CAPE GIRARDEAU, Mo.,
Dec. 4, 2006 – The late James Harold Paullus and his late wife Lenore Osborne Paullus have generously donated $1 million to Southeast Missouri State University through a charitable bequest. The gift has established three scholarships to benefit students majoring in biology, agriculture and home economics.
“This significant gift is one of the largest individual donations the University has received, and it will benefit scores of students in the years ahead,” said Wayne Smith, vice president of University Advancement and executive director of the Foundation. “The devotion and generosity of alumni and friends of the University is truly gratifying, and we are grateful to the Paullus family for their support of our academic programs.”
Paullus graduated from Southeast in 1930 with a bachelor of science degree in education. After teaching in Fredericktown and Crystal City, Mo., he gave up his role as an educator to focus on entomological research with Del Monte, the University of Illinois and other organizations. According to Carter Dunkin, a nephew who lives in St. Louis, Mr. Paullus maintained an infectious enthusiasm for learning throughout his life.
“He always had a joy of discovery that seemed undiminished even as he neared his second retirement,” Dunkin said. “No matter how much he knew about insects, or any other subject, for that matter, he reveled in adding anything to his knowledge.
“This donation reflects the Paulluses’ desire to assist young people who also strive to learn,” Dunkin continued. “They appreciated the value of their time in Cape Girardeau and felt it played an important role in the success and happiness they experienced over the rest of their lives.”
By establishing the James Harold Paullus Biological Sciences Scholarship Fund and the James Harold Paullus Agricultural Scholarship Fund, Mr. Paullus sought to ensure continual improvements in the study of agriculture and entomology.
The Lenore Osborne Paullus Home Economics Scholarship Fund is designed to go to students in human environmental studies, who also show achievement in both literature and history. According to Jane Stacy, director of Alumni Services and Development, this challenging three-part prerequisite is a testament to the very nature of Mrs. Paullus.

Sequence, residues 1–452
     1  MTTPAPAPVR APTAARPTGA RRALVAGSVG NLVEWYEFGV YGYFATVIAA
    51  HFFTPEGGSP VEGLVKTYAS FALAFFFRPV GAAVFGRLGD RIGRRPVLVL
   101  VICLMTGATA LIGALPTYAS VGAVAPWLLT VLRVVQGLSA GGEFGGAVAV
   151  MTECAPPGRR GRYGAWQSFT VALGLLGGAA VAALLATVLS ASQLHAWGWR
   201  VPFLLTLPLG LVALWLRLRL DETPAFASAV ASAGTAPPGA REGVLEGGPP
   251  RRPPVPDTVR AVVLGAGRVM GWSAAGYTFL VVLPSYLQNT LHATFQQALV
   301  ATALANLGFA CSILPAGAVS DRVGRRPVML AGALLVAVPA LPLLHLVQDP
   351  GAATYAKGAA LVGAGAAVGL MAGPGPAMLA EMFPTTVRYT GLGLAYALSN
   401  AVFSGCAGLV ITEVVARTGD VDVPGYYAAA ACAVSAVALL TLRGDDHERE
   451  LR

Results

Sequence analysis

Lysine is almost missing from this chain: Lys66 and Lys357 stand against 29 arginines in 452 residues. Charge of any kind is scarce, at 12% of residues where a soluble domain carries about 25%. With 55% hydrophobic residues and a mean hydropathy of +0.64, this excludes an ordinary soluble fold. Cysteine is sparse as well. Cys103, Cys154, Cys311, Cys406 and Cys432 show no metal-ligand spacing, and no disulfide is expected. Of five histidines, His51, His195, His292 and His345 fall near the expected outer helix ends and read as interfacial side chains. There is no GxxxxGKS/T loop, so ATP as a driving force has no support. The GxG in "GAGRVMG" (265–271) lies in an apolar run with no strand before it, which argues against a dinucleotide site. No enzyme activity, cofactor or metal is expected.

“Lenore was an intelligent, well-rounded woman who shared her husband’s zest for learning throughout her life,” said Stacy. “The establishment of this scholarship will help pass her strong value of education to students for generations to come.”
Mrs. Paullus attended Southeast for two years in the early 1930s. She later transferred to the University of Missouri–Columbia to finish her degree. Both Mr. and Mrs. Paullus grew up in southeastern Missouri; together, they spent much of their adult lives in Rochelle, Ill., near Rockford.
Mr. Paullus passed away in 1989 at the age of 79, after which Mrs. Paullus moved to Columbia, Mo., to be near relatives. Mrs. Paullus remained active right up until her death in late 2005 at the age of 92.
SOUTHEAST MISSOURI UNIVERSITY FOUNDATION
A state-assisted institution, Southeast Missouri State University receives only a portion of its funding from state revenue, tuition and auxiliaries. The remainder is raised by the Southeast Missouri University Foundation in the form of private gifts by alumni and friends who believe in bringing students a high-quality education that ensures students experience success in our global society.
Since its founding in 1983, the University Foundation has worked diligently to raise and manage funds for the betterment of Southeast Missouri State University and its students. The funds support scholarships, financial aid, faculty advancement, technological upgrades and facility improvements.
For more information on the Foundation and ways to support Southeast, visit www.semofoundation.org.